OUR BLOG

Blog 1: The Refugee Rhetoric

 

In our globalised and technological age, there is a wealth of coverage within the media surrounding refugees. There seems to be news story after news story about huge displacement issues within the European Union, or large numbers of individuals struggle to cross borders. There’s coverage on the Australian #letthemstay movement, or vivid video clips Trump’s controversial statements regarding foreign individuals entering the United States. Common words are thrown around too: ‘Syria’, ‘Atrocities’, ‘Boat People’, ‘Need for Action.’

 

This type of coverage may not only be alarming and shocking to some, but also confronting – after all, the issue seems to be both insurmountable, and heavy in the way it is represented. So, how much of what they say in the news is true? Is this issue truly as terrible as is appears? Is there anything we can even do about a problem so large?

 

In short – YES. There IS something each of us has the capacity to do in order to make our contribution. But this requires moving beyond ‘refugee rhetoric’: that is, not just merely being able to discuss or research the issue, but take the required action. It means doing more than simply liking a facebook page, or reading a brochure or news article and never thinking about it again.

 

So, you ask, what are some things one can do? There is no simple answer, for often the issue seems far removed from our daily routines and interations. However, there are possibilities regardless of one’s background, age, job or knowledge on the subject. It starts with being informed on the subject of refugees itself, then making your own decision as to what action to take:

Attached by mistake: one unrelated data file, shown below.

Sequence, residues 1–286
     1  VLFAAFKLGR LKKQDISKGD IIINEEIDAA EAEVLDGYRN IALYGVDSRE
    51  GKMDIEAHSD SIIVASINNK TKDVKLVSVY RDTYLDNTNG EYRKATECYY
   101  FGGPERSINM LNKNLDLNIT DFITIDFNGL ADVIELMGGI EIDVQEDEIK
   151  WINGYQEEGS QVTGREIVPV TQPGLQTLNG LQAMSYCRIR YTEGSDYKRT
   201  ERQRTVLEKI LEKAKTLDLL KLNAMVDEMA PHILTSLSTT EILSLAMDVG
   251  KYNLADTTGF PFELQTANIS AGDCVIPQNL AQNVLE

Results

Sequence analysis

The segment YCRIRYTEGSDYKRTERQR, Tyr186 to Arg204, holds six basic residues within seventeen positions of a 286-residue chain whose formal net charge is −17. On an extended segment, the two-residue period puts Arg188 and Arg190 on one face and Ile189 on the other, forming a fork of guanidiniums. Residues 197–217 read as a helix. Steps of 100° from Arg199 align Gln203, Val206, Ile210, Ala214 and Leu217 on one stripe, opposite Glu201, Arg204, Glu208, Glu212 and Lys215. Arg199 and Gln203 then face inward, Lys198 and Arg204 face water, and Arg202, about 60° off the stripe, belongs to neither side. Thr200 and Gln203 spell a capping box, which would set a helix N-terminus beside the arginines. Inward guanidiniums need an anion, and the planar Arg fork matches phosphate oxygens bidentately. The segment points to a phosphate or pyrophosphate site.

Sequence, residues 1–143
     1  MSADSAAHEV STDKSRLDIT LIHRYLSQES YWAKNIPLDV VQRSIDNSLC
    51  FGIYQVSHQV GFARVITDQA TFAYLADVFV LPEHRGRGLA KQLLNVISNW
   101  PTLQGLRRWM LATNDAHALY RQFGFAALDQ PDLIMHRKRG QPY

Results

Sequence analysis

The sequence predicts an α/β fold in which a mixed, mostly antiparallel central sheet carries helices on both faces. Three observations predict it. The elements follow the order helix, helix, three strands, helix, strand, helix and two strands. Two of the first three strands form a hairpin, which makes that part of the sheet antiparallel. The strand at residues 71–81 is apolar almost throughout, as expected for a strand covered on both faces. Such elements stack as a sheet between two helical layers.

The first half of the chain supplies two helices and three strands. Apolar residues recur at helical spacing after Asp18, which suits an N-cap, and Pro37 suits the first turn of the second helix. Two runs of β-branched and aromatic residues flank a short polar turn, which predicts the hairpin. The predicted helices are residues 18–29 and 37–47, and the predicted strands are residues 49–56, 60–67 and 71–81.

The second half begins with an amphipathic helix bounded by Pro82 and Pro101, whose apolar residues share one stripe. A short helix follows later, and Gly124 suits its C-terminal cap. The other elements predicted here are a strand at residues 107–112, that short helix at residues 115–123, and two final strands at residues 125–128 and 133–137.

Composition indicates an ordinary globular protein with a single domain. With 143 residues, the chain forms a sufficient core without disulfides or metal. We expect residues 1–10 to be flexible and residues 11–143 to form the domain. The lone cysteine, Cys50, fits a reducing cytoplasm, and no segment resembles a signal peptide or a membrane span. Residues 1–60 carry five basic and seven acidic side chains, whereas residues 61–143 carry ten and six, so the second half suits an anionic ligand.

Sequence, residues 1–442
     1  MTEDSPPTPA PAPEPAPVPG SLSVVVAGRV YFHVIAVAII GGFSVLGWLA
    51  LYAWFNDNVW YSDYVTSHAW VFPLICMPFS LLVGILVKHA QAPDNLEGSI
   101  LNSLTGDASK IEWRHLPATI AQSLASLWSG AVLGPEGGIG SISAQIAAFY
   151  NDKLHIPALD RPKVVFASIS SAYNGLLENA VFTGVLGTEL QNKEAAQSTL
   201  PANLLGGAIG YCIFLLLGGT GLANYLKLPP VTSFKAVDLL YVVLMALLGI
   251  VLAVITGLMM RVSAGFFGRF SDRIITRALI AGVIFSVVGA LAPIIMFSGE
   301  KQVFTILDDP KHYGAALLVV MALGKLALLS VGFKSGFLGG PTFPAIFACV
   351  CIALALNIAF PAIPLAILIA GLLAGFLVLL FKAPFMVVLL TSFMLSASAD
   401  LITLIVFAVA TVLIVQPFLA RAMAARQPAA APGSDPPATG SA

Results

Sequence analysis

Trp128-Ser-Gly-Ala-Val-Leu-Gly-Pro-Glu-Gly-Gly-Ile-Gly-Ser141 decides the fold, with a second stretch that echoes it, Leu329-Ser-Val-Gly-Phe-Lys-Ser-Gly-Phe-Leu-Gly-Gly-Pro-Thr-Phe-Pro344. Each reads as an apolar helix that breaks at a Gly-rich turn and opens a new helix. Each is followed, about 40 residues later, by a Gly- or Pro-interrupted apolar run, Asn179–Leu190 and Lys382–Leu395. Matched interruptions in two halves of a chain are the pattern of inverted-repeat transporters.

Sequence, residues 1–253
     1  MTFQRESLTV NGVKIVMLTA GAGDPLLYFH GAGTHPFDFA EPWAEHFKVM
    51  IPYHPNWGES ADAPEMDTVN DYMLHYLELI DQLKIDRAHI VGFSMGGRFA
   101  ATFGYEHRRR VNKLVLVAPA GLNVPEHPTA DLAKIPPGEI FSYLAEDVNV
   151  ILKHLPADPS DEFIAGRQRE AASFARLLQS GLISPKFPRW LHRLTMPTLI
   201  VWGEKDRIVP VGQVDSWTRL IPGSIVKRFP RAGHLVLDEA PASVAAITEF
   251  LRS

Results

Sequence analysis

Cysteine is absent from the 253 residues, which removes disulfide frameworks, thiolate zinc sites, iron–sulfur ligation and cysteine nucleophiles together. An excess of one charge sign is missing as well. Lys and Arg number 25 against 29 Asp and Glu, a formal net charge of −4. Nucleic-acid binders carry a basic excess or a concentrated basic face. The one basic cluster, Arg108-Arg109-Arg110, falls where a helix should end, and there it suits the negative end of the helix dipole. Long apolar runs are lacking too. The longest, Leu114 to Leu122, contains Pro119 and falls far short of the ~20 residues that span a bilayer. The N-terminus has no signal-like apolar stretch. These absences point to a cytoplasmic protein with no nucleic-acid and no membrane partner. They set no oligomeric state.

Working Professionals

  • Consider reliable and unbiased news sources to understand what’s happening: typically, that means independently run news groups, and reading from a variety of sources

  • Volunteer your time and skillset: doctors or lawyers could provide very meaningful change through pro bono work, but so can professionals from many other fields

  • For instance, teachers can introduce the topic into their curriculum (Cirriculum Ideas)

 

University Students

  • Consider joining a society on campus that may be involved in the issue: Human Rights Watch, Oxfam

  • Participate in fundraising days, or create your own. There are a huge number of charities who could benefit from donations

  • Take a human rights class

  • Attend a conference in your area

  • Watch a movie on the topic (and invite your friends, so you can come to understand it together. See: 13 Powerful Films About Refugees You Need To See’)

  •  (Or, if you’re enthusiastic like the KindNecessities team, you can start your own charity to tackle the issue!)

 

High School

  • Speak with teachers who are well-versed in the subject and ask them what their thoughts are

  • Ask if human rights can be incorporated into your curriculum: maybe a mock simulation on a UN Refugee summit, or read an interesting English book about the topic

  • Watch a documentary (Netflix is everyone’s best friend, after all)

 

Primary School or Younger

  • Ask your parents what they know

  • Speak with your teacher

  • See if a book is available on the topic at your local library

 

Making a difference about an issue does not have to be a grand gesture – take the first initial step and see where you can contribute.

 

By Sian Pannach

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